Whereas with low-code, this problem all but entirely disappears. This is because low-code’s drag-and-drop visual interfaces are designed to work seamlessly across various operating systems. Additionally, certain platforms (e.g. Mendix) provide separate tools for the management of requirements and errors, making them great at supporting agile development. While the specifics of customising low-code solutions can differ, the result is always the same – applications built using low-code platforms are able to seamlessly adapt to many different operating systems and devices.
At this point, you may be wondering whether this benefit is limited to simple applications – it isn’t. The world’s leading low-code platform providers such as Mendix, OutSystems, or Microsoft Power Apps allow for building enterprise grade and scalable systems with the use of low-code tools.
This kind of seamless adaptability and native development capability gives low-code a certain undeniable market advantage over traditional programming.
Automation of DevOps
Standard application deployment is complex as each line of code must first be tested in a non-production environment before making its way to the production environment. Then, application instances must be checked to see whether they work in their assigned configuration. As such, the deployment of traditional applications can often be complicated and time-consuming.
When using a low-code platform, however, certain typical deployment steps can be omitted. For instance, low-code’s ready-to-use modules and their corresponding functionalities are tested before they even make it to the platform – which helps save on testing time. Moreover, low-code’s development environment is cloud-based, which further simplifies and streamlines testing.
Support & Maintenance
With traditional programming, maintaining applications or updating them has its challenges. For instance, business objectives and requirements evolve over time and, as such, to implement changes it’s necessary to write entirely new code. This can hinder business innovation, as it makes it more difficult to respond to changing customer expectations. Considering this, if data analysis were to show you that your users would benefit from a new feature being added to your application, with traditional coding, you would need the help of your development team to realise this aim. Alternatively, if something were to become out of sync in the data centre configuration, manual fixes would be required. These are some of the main reasons, which cause applications to become outdated, legacy software – operating systems change, technology evolves, etc., and, as a result, extra effort is required to keep your solutions fully functional.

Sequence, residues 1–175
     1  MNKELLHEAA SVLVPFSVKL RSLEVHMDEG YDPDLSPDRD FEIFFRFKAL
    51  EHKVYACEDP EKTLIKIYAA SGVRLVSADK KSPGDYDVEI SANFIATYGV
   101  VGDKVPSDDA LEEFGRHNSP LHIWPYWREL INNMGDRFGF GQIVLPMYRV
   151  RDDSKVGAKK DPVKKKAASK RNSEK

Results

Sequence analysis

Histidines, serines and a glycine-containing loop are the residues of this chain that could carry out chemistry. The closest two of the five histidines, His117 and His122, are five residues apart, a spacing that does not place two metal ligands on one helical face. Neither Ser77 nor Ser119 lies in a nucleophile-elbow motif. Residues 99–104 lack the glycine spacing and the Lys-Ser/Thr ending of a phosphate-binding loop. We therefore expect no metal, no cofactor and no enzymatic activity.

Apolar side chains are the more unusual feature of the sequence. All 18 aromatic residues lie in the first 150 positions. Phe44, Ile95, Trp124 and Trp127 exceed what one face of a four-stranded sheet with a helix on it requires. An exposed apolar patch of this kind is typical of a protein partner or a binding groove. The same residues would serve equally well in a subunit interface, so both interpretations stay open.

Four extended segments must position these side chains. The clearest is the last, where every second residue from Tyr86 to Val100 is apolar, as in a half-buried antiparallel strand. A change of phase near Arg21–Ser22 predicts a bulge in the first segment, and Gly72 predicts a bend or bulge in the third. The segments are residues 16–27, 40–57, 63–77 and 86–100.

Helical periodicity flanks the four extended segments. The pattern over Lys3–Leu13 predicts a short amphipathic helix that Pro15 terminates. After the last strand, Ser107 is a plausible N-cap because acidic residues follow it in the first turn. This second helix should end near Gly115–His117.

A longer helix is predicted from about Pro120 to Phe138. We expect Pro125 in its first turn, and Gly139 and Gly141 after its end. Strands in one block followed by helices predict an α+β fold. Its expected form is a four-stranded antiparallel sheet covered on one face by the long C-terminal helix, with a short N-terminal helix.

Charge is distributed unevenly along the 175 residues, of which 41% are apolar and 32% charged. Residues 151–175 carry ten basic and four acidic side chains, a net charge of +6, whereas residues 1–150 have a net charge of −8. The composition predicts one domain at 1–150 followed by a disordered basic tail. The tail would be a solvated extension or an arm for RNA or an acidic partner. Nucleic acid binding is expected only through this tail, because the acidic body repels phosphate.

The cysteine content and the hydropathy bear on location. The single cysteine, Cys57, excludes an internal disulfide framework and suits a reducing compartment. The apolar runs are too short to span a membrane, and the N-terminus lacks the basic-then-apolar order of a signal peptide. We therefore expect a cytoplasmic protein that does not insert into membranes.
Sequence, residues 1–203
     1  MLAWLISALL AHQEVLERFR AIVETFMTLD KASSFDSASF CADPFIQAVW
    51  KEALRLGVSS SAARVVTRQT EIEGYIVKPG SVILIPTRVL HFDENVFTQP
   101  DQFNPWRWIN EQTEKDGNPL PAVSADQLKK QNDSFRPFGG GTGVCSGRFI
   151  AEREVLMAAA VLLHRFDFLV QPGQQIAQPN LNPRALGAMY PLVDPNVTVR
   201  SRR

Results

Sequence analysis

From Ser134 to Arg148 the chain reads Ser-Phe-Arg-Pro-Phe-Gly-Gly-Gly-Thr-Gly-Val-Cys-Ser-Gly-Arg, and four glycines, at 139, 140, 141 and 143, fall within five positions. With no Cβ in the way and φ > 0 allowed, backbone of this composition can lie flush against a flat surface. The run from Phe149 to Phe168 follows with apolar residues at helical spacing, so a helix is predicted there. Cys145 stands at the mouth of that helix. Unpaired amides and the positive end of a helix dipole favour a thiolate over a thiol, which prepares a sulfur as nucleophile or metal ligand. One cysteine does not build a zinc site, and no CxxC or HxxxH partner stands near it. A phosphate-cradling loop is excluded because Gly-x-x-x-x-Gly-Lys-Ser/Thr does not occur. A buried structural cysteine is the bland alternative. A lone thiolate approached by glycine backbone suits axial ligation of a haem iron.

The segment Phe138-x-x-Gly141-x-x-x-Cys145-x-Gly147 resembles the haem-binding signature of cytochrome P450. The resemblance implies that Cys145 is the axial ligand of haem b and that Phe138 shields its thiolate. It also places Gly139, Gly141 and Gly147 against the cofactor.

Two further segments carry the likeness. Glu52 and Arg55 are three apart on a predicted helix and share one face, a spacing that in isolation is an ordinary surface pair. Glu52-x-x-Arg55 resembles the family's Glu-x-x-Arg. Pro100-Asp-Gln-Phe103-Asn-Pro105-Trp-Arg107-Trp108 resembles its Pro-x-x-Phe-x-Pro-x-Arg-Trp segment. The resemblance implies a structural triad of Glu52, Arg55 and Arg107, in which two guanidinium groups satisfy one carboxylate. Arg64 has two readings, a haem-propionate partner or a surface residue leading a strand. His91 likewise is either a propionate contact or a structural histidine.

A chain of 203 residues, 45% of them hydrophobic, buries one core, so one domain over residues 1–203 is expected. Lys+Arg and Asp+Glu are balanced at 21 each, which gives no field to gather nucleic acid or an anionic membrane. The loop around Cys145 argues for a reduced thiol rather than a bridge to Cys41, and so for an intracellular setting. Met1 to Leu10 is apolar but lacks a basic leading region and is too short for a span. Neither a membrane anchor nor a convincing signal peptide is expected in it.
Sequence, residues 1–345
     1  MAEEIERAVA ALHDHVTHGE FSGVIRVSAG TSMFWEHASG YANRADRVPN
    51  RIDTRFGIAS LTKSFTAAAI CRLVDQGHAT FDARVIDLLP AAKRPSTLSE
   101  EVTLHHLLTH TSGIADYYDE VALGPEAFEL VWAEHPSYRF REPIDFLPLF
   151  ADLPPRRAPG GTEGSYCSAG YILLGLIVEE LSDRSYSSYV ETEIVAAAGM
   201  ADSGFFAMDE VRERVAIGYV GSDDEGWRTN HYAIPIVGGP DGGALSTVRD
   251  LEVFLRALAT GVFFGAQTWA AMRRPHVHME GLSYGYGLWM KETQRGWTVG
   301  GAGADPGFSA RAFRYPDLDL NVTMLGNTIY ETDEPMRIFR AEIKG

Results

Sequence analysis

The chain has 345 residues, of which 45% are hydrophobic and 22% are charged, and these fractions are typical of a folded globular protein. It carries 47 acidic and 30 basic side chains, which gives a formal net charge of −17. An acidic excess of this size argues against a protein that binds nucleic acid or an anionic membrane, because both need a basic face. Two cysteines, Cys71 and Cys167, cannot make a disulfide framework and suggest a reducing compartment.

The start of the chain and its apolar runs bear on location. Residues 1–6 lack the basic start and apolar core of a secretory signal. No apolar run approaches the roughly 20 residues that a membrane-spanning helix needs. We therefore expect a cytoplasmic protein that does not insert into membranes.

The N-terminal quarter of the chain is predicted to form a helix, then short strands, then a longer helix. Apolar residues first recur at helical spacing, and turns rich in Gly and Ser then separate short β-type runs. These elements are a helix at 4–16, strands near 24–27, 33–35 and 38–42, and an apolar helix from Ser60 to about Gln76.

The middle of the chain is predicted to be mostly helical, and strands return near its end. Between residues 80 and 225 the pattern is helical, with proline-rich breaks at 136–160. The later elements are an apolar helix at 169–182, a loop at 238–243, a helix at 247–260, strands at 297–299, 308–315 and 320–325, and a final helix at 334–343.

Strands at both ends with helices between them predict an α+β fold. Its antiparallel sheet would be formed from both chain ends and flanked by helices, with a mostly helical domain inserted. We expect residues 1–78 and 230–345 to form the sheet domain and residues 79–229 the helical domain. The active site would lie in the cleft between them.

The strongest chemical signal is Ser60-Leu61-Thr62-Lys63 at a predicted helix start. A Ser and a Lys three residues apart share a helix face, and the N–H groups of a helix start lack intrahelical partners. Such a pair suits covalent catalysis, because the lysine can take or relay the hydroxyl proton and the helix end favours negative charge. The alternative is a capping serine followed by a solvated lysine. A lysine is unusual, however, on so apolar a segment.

Whereas with low-code software development, these problems simply don’t apply. Low-code platforms’ visual interface modules are managed entirely by the platform provider. This means that you get to make quick changes to your solutions whenever you like, and you don’t have to worry about the whether the design of your application is ideally optimised.
Low-Code vs. Traditional Development – Which Is Better?
As you may have guessed, the answer to this question is: “It depends”. With all their innovative delivery-accelerating functionalities and features, low-code platforms seem to take the crown. They have taken tried-and-true development methods and improved upon them, creating new potential with regards to application delivery that wasn’t thought possible before.
Nonetheless, traditional programming should not be so easily discounted – old-fashioned coding facilitates unmatched freedom and flexibility. It enables businesses to benefit from ideally tailored, bespoke solutions and, sometimes, this is exactly what a given company needs.
So, it really does depend.
Yet, there’s also a third way. Traditional programming and low-code platforms can be used in tandem. Combining them enables development teams to focus on the more complex, bespoke aspects of software development, with low-code facilitating a faster time-to-market and process optimisation. Such a combination can generate high-quality enterprise-grade solutions which combine the best of both worlds – the speed and innovation of low-code with the benefits of fully bespoke software.